Supposedly, I'm a grown up. No idea how that happened, but I actually turn 27 years old next month. Three small years until I'm 30. Wow. Anyway. I work as an assistant manager in a clothing store, where I also substitute as Visual Merchandiser and store manager. I love it! 


And that was all! I hope you found this at least a little enlightening and that I answered your questions to your satisfaction! Again: thank you all for participating in this round's Q&A!

Autumn in New York…

A while ago I taught you lovely readers How to Take a Bookation, to travel the world without leaving the comfiest chair, in the best lit corner of your very own home. Recently, I’ve been both struck with a serious case of wanderlust and an even more serious case of the I-have-no-monies, so I’ve decided to take my own advice, board my imaginary plane (btw not dealing with TSA is a great reason to fly Air Imagination) and wing it east to New York City this Fall.

 

I’ve been to New York a handful of times in my real life (NYC once and Upstate New York twice) but it’s always been one of my favorite literary destinations. The sheer diversity of stories and characters that the city inspires makes it irresistible for readers and writers alike. While not every book I plan on reading this Fall is a New York story, I have made a decided effort to gather up some old NYC favorites as well as a handful of new novels that I splurged on or received as birthday gifts as an attempt to satisfy my longings for places remote.

Here’s my Autumn in New York Reading List

 

September

  • The Group by Mary McCarthy

  • The Regulars by Georgia Clark

  • & Sons by David Gilbert

  • The Swans of Fifth Avenue by Melanie Benjamin

October

  • The Diviners by Libba Bray (as recommended by Elizabth!)

  • These Shallow Graves by Jennifer Donnelly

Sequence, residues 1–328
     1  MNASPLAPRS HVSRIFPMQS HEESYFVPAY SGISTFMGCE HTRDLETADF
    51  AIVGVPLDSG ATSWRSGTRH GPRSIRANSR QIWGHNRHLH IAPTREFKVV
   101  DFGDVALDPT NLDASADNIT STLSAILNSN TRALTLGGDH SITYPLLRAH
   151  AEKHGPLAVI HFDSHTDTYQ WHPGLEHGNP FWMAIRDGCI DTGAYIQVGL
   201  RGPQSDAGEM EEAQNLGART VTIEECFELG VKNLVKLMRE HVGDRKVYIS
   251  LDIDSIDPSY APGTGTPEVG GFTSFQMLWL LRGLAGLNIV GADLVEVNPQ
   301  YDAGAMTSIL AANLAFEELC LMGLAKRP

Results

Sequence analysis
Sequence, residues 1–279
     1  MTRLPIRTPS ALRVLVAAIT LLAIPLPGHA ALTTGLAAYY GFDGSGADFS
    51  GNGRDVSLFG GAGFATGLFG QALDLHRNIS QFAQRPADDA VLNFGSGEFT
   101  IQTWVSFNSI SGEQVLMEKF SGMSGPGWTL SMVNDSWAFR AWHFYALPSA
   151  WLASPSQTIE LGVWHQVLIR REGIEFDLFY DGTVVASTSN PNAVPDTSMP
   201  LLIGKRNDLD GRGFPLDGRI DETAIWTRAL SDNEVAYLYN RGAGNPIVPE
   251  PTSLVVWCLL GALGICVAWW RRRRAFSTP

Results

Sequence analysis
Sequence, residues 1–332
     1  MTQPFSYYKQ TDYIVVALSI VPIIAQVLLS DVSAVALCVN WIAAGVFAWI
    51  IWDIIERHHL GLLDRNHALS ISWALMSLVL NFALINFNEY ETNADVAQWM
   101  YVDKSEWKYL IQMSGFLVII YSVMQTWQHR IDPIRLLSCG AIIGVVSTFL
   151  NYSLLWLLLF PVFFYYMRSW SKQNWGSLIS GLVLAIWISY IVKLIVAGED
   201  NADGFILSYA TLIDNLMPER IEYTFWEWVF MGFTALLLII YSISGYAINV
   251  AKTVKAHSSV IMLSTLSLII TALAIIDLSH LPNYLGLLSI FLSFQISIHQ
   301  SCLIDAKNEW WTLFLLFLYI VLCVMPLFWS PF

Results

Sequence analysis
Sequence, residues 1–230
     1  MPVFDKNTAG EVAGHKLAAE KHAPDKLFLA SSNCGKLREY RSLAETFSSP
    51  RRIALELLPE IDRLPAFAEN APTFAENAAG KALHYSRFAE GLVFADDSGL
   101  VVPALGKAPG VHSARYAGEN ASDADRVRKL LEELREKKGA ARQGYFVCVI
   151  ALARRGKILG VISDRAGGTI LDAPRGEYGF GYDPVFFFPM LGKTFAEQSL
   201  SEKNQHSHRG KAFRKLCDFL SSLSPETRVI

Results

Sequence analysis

• Rosemary’s Baby by Ira Levin

  • The Thousandth Floor by Katherine McGee

November

  • A Tree Grows in Brooklyn by Betty Smith

  • The Age of Innocence by Edith Wharton

  • The Dollhouse by Fiona Davis

  • The Ramblers by Aidan Donnelly Rowley

 

What are your favorite New York novels?

 

 

20 Books on my Shelf

... that are waiting to be read! It's no secret that I suffer from a book hoarding affliction, and that I more often than not buy books on a whim - whether it's a new release that I've just got to have, a complete cover buy, a tip from a fellow bookworming friend, something I've spotten on Instagram, or a book that Goodreads has kindly suggested I read based on my other preferences. I basically need no excuse to go online and click home a book.

Which is why my shelves are filled to the brim with unread goodies. 

And here are a select few of them - 20 unread books screaming for my attention (and yes, I do consider 20 books to be "a few" - considering I've got a lot more unread books than just these beauties). 


The Problem with Forever
by Jennifer L. Armentrout


Drown
by Esther Dalseno


Illusions of Fate
by Kiersten White


Nevernight
by Jay Kristoff


My Heart and other Black Holes
by Jasmine Warga


The Dolls
by Kiki Sullivan


Simon VS. the Homo Sapiens Agenda
by Becky Albertalli


Everyday
by David Levithan 


The Oldest Soul - Animus
by Tiffany FitzHenry


The Winner's Curse (I have the whole trilogy)
by Marie Rutkoski 


And I Darken
by Kiersten White


Harry Potter and the Cursed Child
by JK. Rowling / John Tiffany & Jack Thorne


The Loneliness of Distant Beings
by Kate Ling


The Bone Season / The Mime Order
by Samantha Shannon


This Raging Light
by Estelle Laure


To All the Boys I've Loved Before
by Jenny Han


The Raven Boys (I have the entire Raven Cycle)
by Maggie Stiefvater


Even the Moon Has Scars
by Steph Campbell


Am I Normal Yet?
by Holly Bourne


Have you read any of these?
Are any of these on your TBR as well?